Obstructive sleep apnea (OSA) affects an estimated 2.2 million US children. Despite guidelines for evidence- based diagnosis and management, many children continue to live with the negative consequences of untreated OSA. Studies suggest fewer than 25% of children with OSA symptoms receive appropriate evaluation and management. Children from racial and ethnic minority groups, as well as those with fewer economic resources, are even less likely to receive timely evidence-based diagnosis and care for pediatric OSA. Thus, there is a critical need for additional strategies to promote evidence-based detection of pediatric OSA. The overall objective of this research is to: (i) to develop a health communication message that actively engages parents by informing them of their child?s risk for OSA; and (ii) to determine its impact on OSA detection. The health communication message will be implemented as part of an existing computer decision support system for OSA (CHICA OSA), which includes automated OSA screening and prompts to primary care providers (PCPs).
Specific aims are as follows:
SPECIFIC AIM 1 : Develop and iteratively refine a health communication message for parents of children with a positive OSA screen. Stakeholders (e.g., parents, PCPs, sleep medicine specialists) will be engaged in the creation and iterative refinement of the message. Parent stakeholders will represent the populations served in our clinics, primarily black, white Hispanic, and white Non-Hispanic families with Medicaid insurance. This message will be delivered to parents of children with a positive OSA screen prior to meeting with the PCP, with the goal of encouraging parents to: (i) discuss OSA with the PCP; and (ii) attend referral appointments.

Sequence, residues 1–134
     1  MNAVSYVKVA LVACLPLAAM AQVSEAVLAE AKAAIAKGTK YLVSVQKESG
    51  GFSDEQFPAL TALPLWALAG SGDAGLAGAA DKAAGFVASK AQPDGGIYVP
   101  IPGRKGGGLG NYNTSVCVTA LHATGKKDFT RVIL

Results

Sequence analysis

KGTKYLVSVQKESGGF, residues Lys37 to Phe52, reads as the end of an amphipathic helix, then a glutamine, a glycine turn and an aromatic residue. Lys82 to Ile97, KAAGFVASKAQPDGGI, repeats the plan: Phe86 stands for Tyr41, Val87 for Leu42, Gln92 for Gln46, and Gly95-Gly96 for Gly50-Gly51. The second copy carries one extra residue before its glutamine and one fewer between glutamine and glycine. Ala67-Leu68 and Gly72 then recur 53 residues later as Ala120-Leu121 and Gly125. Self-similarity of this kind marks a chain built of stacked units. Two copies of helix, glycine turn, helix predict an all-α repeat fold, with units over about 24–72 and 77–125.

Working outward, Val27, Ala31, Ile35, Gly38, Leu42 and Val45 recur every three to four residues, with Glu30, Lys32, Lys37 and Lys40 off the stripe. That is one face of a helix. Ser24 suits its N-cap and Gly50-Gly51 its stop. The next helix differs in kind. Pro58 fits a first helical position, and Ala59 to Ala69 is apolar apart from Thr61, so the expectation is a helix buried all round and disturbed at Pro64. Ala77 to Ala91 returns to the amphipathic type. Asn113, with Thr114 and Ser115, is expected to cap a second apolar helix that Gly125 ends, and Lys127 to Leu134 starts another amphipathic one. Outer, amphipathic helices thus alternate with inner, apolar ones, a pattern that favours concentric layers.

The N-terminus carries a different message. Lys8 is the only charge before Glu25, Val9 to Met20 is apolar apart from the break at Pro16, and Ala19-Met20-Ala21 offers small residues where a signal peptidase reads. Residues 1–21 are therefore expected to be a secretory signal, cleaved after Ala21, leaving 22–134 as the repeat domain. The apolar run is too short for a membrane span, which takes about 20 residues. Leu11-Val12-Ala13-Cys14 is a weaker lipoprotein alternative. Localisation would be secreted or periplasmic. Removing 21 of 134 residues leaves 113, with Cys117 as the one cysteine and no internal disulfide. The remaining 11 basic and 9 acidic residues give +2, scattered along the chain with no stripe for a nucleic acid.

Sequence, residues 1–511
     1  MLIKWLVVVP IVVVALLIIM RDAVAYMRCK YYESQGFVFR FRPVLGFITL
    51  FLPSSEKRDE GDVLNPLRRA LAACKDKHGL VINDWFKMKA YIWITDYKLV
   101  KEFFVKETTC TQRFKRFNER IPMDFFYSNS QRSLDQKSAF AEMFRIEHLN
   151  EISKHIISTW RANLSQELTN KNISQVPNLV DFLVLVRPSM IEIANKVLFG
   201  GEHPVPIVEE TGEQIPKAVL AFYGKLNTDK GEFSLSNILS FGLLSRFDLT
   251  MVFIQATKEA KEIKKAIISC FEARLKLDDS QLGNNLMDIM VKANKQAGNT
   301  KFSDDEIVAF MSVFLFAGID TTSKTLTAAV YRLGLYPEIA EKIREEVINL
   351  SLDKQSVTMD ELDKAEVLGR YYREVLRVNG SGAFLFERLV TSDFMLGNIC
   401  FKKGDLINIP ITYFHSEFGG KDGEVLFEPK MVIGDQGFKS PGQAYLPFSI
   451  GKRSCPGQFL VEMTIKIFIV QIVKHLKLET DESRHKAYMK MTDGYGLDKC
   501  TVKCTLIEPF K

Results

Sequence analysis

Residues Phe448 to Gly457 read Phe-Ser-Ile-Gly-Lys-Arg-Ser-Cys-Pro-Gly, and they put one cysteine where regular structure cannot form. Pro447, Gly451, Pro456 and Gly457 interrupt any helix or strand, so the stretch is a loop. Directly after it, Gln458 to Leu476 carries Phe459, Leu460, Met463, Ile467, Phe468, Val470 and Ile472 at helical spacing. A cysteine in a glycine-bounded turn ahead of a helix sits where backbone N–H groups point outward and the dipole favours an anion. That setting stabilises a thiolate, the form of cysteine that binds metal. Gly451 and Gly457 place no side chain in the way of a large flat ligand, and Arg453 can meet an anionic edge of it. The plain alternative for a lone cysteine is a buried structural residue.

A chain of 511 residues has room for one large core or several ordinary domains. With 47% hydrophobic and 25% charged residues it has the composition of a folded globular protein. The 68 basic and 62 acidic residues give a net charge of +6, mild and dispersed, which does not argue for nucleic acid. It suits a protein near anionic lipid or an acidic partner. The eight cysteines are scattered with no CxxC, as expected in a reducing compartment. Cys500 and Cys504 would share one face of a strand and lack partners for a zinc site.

SPECIFIC AIM 2 : Evaluate the impact of the health communication message on OSA detection. Parents of children who screen positive for OSA within CHICA OSA will be randomized to receive the health communication message or no additional information (control). We hypothesize that parents randomized to the message will be more likely to complete an OSA referral appointment (primary outcome). This study will identify strategies to improve detection of pediatric OSA, with a focus on populations underrepresented in healthcare research with the lowest detection rates. The applicant?s career goal is to become an expert and leader in the development and evaluation of strategies that promote evidence-based identification and management of pediatric sleep disorders in primary care, with a focus on computer decision support (informatics). This NHLBI K23 award includes additional training in the following areas: (i) dissemination and implementation research. and (ii) health informatics. Training and research activities will be conducted at the Indiana University School of Medicine.
Obstructive sleep apnea (OSA) affects an estimated 2.2 million US children and has been consistently linked with cognitive deficits, impaired attention, behavior and mood difficulties, and cardiovascular morbidity. The proposed project aims to develop and evaluate a strategy to promote evidence-based detection of pediatric OSA in primary care clinics, using automated screening, personalized feedback to parents about their child?s OSA risk, and prompts to primary care providers. We hypothesize that this system will significantly improve detection of pediatric OSA, leading to treatment and resulting improvements in health and quality of life for many currently undiagnosed children.